I am technical support. I work daily with Windows Server / Exchange, Active directory. I would like to learn scripting and automation to make my life easier. I just started learning PowerShell but not really sure about the correct study path from where I can start. I am taking some courses on Udemy and YouTube. Is it enough?
Taking courses on Udemy and YouTube will be helpful I'm sure, but don't neglect the power of practice. If you work largely with Windows right now, pick powershell. Take opportunities to convert the knowledge you already have (example: unlocking an account in Active Directory or adding an email alias in Exchange) from a manual process to a powershell method. Sometimes that's a single cmdlet (Unlock-AdAccount) and sometimes it's a script.
Once you have a good understanding of variables, the pipeline, and foreach loops, you'll be in a position to accelerate your learning. Looking up Microsoft docs is part of the process :)
I would agree with others. If the majority of focus is IT/Support for windows specific devices Powershell would probably give you the most power specifically for windows and your job. If you plan make applications, expand to unix systems, or in general go where Powershell is not then Python would be a good flexible and cross platform option.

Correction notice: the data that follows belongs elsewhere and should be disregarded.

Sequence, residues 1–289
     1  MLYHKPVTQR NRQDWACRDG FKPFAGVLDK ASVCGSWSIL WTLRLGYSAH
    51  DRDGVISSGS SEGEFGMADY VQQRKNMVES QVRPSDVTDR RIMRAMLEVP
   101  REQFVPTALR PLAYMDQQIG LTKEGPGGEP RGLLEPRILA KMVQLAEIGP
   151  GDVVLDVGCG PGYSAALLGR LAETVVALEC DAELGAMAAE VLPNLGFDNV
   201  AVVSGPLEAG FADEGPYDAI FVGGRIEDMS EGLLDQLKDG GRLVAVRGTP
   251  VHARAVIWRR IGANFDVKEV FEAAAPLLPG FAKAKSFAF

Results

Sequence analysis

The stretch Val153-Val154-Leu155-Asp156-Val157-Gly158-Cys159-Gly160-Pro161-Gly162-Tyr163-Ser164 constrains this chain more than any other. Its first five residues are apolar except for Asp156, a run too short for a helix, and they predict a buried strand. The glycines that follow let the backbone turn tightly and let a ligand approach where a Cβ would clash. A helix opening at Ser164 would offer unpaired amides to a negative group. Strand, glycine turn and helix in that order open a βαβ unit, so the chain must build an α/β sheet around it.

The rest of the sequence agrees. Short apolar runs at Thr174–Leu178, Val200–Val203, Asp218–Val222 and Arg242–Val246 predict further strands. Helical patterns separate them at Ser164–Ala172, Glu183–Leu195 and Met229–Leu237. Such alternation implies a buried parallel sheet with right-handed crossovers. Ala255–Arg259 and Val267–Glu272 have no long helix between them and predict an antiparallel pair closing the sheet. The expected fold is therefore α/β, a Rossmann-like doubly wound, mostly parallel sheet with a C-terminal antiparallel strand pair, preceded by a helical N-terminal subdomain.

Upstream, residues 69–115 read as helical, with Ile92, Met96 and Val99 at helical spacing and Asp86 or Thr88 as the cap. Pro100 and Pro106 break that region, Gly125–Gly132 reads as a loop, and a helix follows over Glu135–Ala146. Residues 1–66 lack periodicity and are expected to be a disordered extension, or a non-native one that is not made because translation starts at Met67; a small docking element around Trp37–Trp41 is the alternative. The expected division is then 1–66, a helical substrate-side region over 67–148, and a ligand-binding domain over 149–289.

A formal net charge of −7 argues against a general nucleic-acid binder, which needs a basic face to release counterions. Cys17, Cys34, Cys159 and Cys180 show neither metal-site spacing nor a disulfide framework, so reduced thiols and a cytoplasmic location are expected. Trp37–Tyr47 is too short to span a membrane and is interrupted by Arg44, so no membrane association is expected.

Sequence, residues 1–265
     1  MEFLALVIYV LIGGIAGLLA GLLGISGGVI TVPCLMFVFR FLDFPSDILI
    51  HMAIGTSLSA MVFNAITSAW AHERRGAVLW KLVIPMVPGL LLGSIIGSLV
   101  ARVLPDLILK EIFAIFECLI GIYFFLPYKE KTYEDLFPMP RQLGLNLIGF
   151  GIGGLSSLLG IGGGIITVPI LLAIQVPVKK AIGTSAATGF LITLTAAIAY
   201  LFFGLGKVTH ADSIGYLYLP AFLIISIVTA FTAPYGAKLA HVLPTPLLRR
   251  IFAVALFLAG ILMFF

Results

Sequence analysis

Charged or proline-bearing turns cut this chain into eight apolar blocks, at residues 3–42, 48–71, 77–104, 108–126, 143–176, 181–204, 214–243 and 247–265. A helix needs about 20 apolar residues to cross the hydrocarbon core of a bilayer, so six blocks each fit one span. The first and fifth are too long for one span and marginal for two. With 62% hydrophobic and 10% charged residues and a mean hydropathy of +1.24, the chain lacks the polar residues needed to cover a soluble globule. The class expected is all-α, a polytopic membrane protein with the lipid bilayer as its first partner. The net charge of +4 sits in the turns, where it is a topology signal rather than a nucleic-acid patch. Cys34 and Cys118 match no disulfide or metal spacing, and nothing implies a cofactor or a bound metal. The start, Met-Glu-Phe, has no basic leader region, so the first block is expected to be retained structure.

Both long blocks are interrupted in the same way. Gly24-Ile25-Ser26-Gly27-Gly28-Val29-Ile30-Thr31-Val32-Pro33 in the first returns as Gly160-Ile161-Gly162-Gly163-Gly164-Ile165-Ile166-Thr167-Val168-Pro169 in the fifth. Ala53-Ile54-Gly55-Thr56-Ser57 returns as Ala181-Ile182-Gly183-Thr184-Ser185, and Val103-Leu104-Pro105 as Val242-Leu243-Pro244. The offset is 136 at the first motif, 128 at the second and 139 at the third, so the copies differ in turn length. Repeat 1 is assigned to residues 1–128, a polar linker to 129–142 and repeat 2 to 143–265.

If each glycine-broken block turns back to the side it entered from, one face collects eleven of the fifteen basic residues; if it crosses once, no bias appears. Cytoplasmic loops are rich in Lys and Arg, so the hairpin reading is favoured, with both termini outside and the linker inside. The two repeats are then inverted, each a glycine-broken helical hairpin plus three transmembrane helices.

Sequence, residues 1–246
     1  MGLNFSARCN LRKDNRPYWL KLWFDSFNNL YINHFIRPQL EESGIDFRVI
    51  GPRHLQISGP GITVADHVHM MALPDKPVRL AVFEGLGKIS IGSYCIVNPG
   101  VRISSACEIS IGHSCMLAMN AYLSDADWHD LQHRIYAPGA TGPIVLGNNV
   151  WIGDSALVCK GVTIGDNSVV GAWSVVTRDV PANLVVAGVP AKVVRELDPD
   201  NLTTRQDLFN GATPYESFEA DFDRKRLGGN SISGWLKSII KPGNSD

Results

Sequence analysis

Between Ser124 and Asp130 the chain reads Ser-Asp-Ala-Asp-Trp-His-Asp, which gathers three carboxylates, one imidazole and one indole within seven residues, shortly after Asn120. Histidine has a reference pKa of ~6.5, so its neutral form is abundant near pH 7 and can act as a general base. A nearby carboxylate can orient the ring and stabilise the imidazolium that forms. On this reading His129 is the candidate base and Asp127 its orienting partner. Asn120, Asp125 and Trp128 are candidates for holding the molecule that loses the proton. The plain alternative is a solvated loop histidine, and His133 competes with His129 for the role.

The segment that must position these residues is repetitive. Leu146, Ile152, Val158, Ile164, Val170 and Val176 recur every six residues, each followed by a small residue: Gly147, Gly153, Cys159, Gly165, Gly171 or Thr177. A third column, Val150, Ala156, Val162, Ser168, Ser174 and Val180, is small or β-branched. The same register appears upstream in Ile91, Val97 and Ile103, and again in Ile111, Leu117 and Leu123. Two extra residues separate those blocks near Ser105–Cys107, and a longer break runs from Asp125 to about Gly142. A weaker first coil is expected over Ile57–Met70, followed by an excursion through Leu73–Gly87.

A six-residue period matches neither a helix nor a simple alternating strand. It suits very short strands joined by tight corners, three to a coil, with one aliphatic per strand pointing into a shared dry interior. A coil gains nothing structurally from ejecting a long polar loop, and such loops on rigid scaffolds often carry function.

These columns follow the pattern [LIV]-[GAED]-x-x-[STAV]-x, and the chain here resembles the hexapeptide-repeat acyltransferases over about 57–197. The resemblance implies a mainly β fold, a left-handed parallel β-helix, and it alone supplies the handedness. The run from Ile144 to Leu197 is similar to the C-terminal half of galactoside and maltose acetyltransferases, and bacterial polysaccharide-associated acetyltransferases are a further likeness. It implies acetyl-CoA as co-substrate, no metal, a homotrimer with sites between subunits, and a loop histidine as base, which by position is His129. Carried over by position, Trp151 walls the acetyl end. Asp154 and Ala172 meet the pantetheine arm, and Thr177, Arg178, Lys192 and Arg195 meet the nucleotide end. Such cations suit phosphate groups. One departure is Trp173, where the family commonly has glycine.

I am more of an applications developer that works mostly on unix systems, so Python was my choice and it has worked well. But I understand that Powershell probably has some permissions, access, and functionality that is better suited for your job.
My first foray into programming was with powershell and it continues to be an enormous help for me in my career (caveat being that I have primarily worked on windows boxes). That being said, PowerShell is a weird language that has some unique syntax and operators that don't translate well to other languages. Python is weird too, but for other reasons (spacing!). I suspect you'll get more immediate benefit spending some time on Powershell since your working in an environment that fully supports the ps toolset.
As for learning, I read "PowerShell Toolmaking in a Month of Lunches" and found that helpful. However, I think your course of study is sufficient. Think the most return for the effort was just messing around in the powershell IDE on my local computer and working the Microsoft documentation.